Football Inspiration with Lauren Robson




“I took that leap of faith, and it was a case of me taking every training session and game”

Lauren Robson is a Level One FA qualified coach at Develop Her Game, specialist football coaching for girls with a vision is to inspire girls to want to play football by creating a fun, engaging, inclusive and safe environment.

Lauren’s coaching journey began in unplanned circumstances. She originally trained to be a football referee but, at the age of 16, she was asked, out of the blue,  to coach the Blyth Town FC under 11 girls – who were in need of a coach. 

Lauren was unsure of the challenge at first, but stepped up, coached the side and has never looked back on the decision. She is still coaching the same team six years later and has also coached the senior women’s team and the men’s reserve team at Blyth in the past few years. 

AW: Can you tell us a little bit about your coaching journey so far, you play for Durham Women, but can you tell us more about the coaching side?

Lauren Robson: 

I’ve coached since I was 14 or 15 but more in a school environment, coaching alongside a teacher in an after school club environment. But as soon as I got to the refereeing age, I thought I’d give it a go for a bit of pocket money and I was more interested in refereeing at the time. But after about two years I had lost my interest in it and I’d never considered coaching. I got into coaching in purely by chance, there was a team of U11 girls at the time and the club needed to find a coach in the next week or two or they’re not going to have a team. I took that leap of faith, and it was a case of me taking every training session and game. I was just putting my knowledge of the game and I had quite a lot as I’ve played since the age of four. It could have gone either way where I was in one mindset where I want to do it or another where I thought, I’ve never thought of this before so why would I do it. From there, I’ve helped with a few of the teams at that club, through to coaching the ladies team, the men’s team, the boys, so I’ve had experience coaching a few of them over the past 5-6 years.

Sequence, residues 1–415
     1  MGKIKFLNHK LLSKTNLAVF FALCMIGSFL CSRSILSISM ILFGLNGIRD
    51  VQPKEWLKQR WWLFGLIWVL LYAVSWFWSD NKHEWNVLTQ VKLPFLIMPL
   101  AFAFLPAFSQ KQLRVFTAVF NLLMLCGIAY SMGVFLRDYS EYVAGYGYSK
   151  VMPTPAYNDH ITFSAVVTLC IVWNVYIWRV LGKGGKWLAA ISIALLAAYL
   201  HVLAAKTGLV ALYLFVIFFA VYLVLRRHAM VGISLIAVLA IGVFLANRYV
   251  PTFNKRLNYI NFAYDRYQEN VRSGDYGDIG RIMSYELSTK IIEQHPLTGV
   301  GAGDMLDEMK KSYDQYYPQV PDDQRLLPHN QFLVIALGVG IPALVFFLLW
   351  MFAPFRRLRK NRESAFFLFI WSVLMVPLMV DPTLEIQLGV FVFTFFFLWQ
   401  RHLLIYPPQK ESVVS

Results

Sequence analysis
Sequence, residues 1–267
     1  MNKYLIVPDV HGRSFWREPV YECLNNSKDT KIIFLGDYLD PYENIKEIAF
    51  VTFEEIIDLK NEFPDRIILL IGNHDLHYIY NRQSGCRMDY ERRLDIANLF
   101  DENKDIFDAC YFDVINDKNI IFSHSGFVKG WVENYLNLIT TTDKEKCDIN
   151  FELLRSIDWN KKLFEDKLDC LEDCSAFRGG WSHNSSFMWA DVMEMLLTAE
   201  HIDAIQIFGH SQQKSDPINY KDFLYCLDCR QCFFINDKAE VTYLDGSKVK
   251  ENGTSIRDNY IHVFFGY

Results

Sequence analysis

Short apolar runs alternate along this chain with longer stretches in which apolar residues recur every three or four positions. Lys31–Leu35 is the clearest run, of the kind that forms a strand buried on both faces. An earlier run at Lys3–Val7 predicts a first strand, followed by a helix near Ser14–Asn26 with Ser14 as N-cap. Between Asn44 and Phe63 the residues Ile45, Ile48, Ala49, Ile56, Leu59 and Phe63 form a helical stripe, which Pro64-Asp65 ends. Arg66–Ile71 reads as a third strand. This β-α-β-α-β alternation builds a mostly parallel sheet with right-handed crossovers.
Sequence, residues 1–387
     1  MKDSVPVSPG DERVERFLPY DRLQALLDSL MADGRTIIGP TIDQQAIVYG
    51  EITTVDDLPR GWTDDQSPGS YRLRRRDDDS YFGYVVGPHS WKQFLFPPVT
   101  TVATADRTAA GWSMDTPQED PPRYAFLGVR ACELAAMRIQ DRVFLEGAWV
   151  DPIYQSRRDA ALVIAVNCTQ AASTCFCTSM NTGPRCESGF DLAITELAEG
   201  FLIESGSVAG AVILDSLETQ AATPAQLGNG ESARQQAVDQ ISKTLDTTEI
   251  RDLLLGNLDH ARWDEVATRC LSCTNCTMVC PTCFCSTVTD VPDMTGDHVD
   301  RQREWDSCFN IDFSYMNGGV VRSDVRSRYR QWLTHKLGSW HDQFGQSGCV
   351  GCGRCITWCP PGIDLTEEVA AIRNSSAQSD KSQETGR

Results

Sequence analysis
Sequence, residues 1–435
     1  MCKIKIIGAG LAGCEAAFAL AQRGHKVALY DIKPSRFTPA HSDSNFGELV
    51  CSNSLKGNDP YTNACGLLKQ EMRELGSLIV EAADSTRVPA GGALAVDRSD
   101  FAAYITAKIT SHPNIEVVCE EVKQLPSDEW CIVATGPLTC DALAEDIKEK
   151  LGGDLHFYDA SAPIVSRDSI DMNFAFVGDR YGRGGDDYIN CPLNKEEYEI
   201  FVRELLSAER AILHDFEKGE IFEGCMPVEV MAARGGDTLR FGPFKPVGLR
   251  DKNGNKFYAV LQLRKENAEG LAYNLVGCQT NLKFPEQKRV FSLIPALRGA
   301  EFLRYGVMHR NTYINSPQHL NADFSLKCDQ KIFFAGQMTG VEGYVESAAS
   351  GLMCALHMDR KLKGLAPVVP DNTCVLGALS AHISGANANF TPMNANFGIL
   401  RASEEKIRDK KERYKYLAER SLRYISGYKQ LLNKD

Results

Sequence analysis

AW: It’s a bit of a steep learning curve, taking a risk to start coaching with little experience at 16. How did you find it at the time?

Lauren Robson:  

I was told it was a bit of a commitment. When I went into the girl’s team, I found it a lot harder than I thought, I thought I’d turn up and these kids will just want to play but it wasn’t. It wasn’t just coaching football, it was managing how to look after these girls and I had to adapt. There’s a lot of things you’ve got to consider, it’s not just the football side of it. It was a couple of months before I started doing my level 1 but I learnt a lot from the experience, not just from a coaching way, in terms of dealing with the parents and how to develop the players as people.


AW: Did you ever think you would stick with it as much as you have? Or did you think to just keep going with the team and see how it goes?

Lauren Robson:

I didn’t think I’d be in the position I’m in now, I didn’t think that’s what I wanted to do and once I got into it I grew a love for it, I wanted to learn more and teach different kids but I didn’t think I would be in this position now from that one decision.

AW: It’s an unplanned route to where you are now, but what do you enjoy most about coaching now?

Lauren Robson:

When I was at school I wanted to be a P.E teacher and what I enjoy is teaching kids what I know. But I’d never considered coaching and when I was thrown into the deep end, what i enjoyed about it was the rewards you get from it, from the players learning the smallest little skills and you’re getting to know them as well and you start to realise the social aspects and the mental aspects and then it’s a case of improving the players. It’s those rewards when they gain a bit of confidence or when they managed to do something they never thought they’d be able to do. I enjoy coaching the kids that want to learn, but aren’t necessarily capable at the time and they want to give everything. It’s those little rewards from improving week in week out.